SHILOH, Ill. -- Friends and family gathered at Scott Air Force Base Friday - socially distancing of course – to bid a fond farewell to and celebrate the career of the Military Surface Deployment and Distribution Command’s beloved historian, who retired after 36 years, one month and 12 days of federal service.
From an early age, Dr. Kent Beck had a love for history. He studied history at California State University, Fullerton, where he earned his bachelor’s degree and at University of California, Irvine, where he earned his master’s degree and PhD in history. In fact, it was his love of history that led him to meet his true love and wife of 44 years, Donna.
Beck, a teaching assistant, and the then Donna Corbett, a student in the History section, met in 1973 when she asked him a question about her final paper. The two went on their first date four months later and the rest is, as they say, history.
Whether accurately detailing the command’s move from the East Coast to the Mid-West or painstakingly recording operational events, Beck was always a consummate professional. His dedication to his craft was impressive. No matter his workload, he was always ready to go above and beyond in providing assistance to those who asked or, in some cases, those who didn’t ask.
He was a walking history book. When asked to verify dates and historical highlights, he would orally dictate the entire history of an event and later provide a detailed written record that he had distilled just that day.
Beck began in federal service in 1987, where he worked at U.S. Air Force’s Strategic Air Command. There he covered bomber and tanker operations, including Operation RESTORE HOPE, the humanitarian and peacekeeping mission in Somalia.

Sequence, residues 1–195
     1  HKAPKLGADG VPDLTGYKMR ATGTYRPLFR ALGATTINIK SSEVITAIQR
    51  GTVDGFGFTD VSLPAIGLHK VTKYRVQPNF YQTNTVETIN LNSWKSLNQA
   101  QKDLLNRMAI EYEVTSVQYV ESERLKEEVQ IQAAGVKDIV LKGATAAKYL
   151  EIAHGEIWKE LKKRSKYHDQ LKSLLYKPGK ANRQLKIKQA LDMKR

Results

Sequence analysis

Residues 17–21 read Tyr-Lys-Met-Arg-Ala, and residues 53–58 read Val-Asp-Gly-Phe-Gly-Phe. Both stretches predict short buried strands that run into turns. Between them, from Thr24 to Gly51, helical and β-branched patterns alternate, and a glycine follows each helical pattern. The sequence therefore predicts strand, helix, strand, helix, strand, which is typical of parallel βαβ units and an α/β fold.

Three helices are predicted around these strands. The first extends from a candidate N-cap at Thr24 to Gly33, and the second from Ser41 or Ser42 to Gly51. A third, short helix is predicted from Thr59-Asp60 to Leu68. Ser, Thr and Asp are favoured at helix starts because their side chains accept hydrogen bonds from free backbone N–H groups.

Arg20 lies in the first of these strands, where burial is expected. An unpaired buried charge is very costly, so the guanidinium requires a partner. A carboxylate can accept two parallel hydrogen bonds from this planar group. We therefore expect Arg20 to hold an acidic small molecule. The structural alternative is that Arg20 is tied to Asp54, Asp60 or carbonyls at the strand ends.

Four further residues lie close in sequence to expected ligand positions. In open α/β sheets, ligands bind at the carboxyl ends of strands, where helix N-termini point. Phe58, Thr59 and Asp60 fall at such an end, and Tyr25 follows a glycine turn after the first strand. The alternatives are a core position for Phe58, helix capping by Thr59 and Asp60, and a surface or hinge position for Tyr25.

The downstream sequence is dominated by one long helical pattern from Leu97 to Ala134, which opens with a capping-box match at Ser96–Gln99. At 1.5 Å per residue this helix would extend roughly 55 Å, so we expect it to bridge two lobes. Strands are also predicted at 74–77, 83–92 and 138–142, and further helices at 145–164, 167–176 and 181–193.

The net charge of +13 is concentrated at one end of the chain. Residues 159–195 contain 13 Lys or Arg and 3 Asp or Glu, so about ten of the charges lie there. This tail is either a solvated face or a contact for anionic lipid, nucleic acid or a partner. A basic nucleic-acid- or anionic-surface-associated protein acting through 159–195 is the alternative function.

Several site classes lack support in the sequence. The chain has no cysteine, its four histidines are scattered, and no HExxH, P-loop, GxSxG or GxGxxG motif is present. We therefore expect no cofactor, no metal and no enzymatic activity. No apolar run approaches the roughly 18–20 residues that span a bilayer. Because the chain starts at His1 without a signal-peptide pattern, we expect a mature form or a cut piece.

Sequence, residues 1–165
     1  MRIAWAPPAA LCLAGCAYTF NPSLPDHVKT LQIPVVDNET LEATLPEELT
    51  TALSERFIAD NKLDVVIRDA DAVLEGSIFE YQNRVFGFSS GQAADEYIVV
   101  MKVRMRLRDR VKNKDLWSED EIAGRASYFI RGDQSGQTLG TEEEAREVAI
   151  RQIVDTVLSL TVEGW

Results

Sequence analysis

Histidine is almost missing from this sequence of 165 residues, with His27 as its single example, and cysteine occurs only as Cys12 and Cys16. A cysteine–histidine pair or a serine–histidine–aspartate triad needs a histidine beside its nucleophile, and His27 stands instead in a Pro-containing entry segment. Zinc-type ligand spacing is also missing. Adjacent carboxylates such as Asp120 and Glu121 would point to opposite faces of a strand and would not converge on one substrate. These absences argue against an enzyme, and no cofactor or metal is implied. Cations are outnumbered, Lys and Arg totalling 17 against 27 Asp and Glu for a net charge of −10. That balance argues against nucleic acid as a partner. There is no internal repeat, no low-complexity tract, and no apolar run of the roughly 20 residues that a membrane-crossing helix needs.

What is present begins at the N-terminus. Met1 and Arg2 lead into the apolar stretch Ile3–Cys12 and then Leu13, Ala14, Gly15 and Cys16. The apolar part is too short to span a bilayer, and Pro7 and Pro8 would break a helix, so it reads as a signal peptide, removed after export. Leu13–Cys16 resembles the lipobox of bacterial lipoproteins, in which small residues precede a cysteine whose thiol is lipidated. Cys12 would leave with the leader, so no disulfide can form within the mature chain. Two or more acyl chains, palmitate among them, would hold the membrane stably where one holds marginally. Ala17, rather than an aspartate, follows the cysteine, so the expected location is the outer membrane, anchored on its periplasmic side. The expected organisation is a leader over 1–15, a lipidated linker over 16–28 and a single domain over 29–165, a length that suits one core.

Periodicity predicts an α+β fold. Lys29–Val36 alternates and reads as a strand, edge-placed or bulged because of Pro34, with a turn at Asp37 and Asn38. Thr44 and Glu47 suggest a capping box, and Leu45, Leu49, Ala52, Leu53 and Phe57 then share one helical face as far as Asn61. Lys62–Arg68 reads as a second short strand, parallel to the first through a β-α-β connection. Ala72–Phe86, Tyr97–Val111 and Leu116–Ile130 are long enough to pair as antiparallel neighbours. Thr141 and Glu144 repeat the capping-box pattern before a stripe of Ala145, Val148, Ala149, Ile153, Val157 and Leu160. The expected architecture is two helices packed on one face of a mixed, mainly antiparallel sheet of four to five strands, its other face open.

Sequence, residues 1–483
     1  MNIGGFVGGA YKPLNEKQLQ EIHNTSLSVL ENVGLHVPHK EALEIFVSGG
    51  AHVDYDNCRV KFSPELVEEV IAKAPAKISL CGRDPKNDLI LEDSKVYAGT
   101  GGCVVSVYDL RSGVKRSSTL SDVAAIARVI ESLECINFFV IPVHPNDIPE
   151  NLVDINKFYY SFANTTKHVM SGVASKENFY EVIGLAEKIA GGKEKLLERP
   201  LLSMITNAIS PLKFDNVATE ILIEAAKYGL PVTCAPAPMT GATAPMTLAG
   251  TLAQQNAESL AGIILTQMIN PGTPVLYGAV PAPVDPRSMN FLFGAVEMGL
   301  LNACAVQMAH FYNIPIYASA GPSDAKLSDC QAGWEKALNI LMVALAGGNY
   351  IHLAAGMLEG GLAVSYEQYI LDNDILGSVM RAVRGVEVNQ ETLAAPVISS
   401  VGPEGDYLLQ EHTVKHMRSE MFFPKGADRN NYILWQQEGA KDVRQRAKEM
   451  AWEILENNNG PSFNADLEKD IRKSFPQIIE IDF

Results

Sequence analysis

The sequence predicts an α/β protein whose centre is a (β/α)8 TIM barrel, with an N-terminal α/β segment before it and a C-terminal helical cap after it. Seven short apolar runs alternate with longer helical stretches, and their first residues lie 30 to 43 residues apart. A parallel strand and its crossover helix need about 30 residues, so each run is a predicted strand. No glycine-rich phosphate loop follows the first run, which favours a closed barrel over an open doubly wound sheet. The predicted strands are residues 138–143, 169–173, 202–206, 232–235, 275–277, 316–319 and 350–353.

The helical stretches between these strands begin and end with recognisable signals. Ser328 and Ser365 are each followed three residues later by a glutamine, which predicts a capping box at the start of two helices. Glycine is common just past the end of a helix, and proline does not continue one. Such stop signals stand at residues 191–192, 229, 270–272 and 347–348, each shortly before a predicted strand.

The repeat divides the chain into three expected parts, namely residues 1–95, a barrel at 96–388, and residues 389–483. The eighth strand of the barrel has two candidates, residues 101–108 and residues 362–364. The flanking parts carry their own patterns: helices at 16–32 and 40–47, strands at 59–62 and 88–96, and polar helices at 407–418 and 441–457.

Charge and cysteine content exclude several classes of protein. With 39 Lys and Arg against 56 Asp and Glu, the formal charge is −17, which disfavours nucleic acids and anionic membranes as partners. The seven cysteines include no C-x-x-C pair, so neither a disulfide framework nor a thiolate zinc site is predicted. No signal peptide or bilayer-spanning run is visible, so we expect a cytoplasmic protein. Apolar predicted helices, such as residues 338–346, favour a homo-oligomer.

He transferred to Headquarters Air Mobility Command after his position was eliminated upon the merger of Strategic Air Command and Tactical Air Command. There he wrote about disaster relief operations after Hurricane Andrew in Florida, Hurricane Iniki in Hawaii and Typhoon Omar in Guam. This assignment too ended due to a reduction-in-force move, but he didn’t move far.
Beck transferred to U.S. Transportation Command in 1994, where he taught Quality Management and worked customer surveys in the J4 directorate’s business center. His leaders at the time recognized his aptitude for capturing history and moved him to the J3, where he supported historical coverage of Operation ALLIED FORCE, the NATO-led bombing campaign to compel Serbia to withdraw its forces from Kosovo, and Operations NOBLE EAGLE and ENDURING FREEDOM.
Again, the DOD eliminated his position as part of a reduction-in-force in early 2003. He moved to the J3 Systems Integration Division, where he was able to retain some of his historian duties. Beck credits this assignment for making him a better action officer.
Beck came to work for SDDC in 2007 after the 2005 Base Realignment and Closure Commission directed SDDC to consolidate at Scott AFB and co-locate with USTRANSCOM. He had his work cut out for him. His position was vacant for nearly a year before he arrived and the historian responsibilities regulation changed less than a month after taking the position.
Beck left his mark on SDDC. He had his hand in many displays and projects in both the command’s temporary building on Scott AFB and the one it calls home today. He researched and provided photos and wrote summaries of the command’s role in Vietnam, DESERT SHIELD and DESERT STORM. He, over the course of 18 months, supported and guided several SDDC 50th Anniversary projects.
Beck captured many events that defined our rich military history. He leaves behind big shoes to fill, and his vast knowledge and dedication to his craft and his country will not be forgotten.